Outreach with landlords was another key decision. The campaign reached out to the Berkeley Property Ownership Association and invited them to offer feedback on the proposed policy language. When the campaign learned of landlords sending opposition mailers, they scheduled a town hall and invited them.
“We asked to have a real conversation, not just walking them through what we’re trying to do,” notes Jones. The town hall was a chance not just to share the “human stories,” notes Jones, but to explain the nuances of a “criminal record.” 90 percent of convictions are based on plea bargains, for example, which doesn’t always mean that person committed the crime they’re charged for. The team pointed out how background checks can be sources of misinformation — Jones’ own background check says his prison term started in 1983, when he was nine years old.
Throughout this engagement, the campaign intentionally avoided media attention. “Once something hits the media, you lose control of the narrative — the headlines sensationalize, like Convicts for Housing,” as Jones put it. The campaign stuck with direct outreach and prioritizing stories of directly impacted campaign members before reaching out to a reporter they trusted.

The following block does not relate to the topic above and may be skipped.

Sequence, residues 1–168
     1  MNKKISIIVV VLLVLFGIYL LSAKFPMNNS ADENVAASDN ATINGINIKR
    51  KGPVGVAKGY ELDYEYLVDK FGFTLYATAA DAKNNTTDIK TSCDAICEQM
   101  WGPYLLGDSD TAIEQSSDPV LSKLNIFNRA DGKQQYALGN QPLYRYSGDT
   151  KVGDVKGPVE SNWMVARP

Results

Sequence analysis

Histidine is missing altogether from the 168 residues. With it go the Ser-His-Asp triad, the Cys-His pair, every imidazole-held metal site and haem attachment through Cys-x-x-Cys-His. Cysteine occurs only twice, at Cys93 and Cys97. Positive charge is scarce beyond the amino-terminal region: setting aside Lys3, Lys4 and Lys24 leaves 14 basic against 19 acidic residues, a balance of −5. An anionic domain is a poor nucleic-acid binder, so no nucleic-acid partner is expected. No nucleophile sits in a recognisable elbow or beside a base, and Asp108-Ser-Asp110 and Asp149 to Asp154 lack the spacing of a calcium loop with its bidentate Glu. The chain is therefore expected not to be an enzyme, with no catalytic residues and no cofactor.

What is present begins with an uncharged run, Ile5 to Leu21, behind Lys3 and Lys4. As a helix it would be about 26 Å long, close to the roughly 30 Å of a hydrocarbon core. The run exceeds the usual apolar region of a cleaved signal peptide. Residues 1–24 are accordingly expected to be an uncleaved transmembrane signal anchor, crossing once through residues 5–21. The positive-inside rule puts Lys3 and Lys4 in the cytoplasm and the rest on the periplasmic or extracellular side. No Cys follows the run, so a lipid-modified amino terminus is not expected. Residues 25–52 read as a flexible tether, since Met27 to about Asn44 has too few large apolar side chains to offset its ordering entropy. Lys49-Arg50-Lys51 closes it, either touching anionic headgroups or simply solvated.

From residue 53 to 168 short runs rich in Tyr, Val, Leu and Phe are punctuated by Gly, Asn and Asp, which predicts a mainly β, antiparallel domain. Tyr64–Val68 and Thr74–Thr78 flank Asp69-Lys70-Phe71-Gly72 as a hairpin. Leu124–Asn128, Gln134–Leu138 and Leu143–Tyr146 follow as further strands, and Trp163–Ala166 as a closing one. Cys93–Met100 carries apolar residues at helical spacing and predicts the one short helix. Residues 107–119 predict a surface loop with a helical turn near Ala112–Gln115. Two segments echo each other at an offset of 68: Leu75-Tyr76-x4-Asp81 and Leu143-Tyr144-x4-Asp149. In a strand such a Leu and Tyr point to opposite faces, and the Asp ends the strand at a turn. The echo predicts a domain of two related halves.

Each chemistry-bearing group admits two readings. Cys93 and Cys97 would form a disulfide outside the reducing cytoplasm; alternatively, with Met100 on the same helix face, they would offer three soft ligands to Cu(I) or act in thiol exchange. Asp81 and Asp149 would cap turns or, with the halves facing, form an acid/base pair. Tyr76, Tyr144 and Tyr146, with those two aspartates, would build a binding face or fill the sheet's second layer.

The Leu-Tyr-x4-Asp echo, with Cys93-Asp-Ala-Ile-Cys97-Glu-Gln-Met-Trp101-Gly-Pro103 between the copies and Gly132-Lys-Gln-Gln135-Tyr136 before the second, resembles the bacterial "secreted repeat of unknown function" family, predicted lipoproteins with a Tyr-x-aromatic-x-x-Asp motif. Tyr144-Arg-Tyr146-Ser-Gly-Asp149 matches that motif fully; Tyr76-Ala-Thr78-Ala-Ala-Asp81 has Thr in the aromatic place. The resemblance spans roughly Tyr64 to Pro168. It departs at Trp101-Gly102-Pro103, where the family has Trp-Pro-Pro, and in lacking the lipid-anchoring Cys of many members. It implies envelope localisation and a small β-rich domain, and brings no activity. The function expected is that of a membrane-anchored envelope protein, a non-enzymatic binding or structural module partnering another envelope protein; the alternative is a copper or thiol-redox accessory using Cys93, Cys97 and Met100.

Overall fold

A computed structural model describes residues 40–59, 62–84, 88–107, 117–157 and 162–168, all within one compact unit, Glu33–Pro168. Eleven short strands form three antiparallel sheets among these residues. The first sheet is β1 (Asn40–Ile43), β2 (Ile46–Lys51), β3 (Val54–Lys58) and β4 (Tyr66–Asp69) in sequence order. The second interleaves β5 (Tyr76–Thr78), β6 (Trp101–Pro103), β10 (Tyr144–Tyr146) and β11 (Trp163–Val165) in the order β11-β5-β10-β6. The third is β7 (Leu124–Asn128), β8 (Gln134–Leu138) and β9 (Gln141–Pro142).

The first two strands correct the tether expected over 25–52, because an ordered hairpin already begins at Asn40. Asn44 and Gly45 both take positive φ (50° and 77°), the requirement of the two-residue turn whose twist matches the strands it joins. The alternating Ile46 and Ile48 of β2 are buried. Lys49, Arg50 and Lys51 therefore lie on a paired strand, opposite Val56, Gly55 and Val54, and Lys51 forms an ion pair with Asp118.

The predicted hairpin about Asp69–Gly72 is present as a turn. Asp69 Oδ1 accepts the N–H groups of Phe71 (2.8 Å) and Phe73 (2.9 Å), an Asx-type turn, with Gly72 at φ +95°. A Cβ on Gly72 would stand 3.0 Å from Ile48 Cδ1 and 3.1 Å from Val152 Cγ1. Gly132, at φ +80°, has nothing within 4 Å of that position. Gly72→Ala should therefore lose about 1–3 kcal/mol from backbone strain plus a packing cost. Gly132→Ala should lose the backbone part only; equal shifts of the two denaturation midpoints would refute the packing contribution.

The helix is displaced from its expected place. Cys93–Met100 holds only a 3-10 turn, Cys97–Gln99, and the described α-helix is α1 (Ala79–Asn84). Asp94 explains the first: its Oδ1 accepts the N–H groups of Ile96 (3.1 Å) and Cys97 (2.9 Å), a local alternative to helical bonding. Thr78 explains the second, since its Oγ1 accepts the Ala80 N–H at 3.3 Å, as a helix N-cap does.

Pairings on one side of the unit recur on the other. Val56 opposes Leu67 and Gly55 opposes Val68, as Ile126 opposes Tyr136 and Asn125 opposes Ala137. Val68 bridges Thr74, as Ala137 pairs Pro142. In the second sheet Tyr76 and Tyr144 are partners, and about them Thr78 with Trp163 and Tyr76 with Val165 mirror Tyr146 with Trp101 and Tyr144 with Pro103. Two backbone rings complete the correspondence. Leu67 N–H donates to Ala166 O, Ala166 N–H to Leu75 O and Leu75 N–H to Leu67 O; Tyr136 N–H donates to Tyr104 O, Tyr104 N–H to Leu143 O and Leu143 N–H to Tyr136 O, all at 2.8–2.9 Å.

By December of 2019, the campaign reached unanimous agreement with Berkeley City Council regarding the policy language and ordinance details. The ordinance passed in March, making it unlawful for landlords to inquire about criminal history, refuse to rent or terminate a tenancy based on that history, demand higher security deposit or rent, refuse to allow the addition of an immediate family member, or disqualify tenants from rental assistance programs such as Section 8.
As Berkeley City Council moved to pass that ordinance, a similar ordinance in Oakland passed in February. “We did all the heavy lifting in Berkeley and Oakland got to benefit from that process,” Lin says. The campaign originally assumed an Oakland campaign would present more challenges, pushing it back to focus on Berkeley. But when Jones and Lin met with Oakland Councilmember Larry Reid to discuss an unrelated issue, they got to talking about the campaign. Reid’s son was incarcerated at the time and would be at risk of losing his housing when he returned home. “The next question was,” Jones says, “Why are we not doing this here?”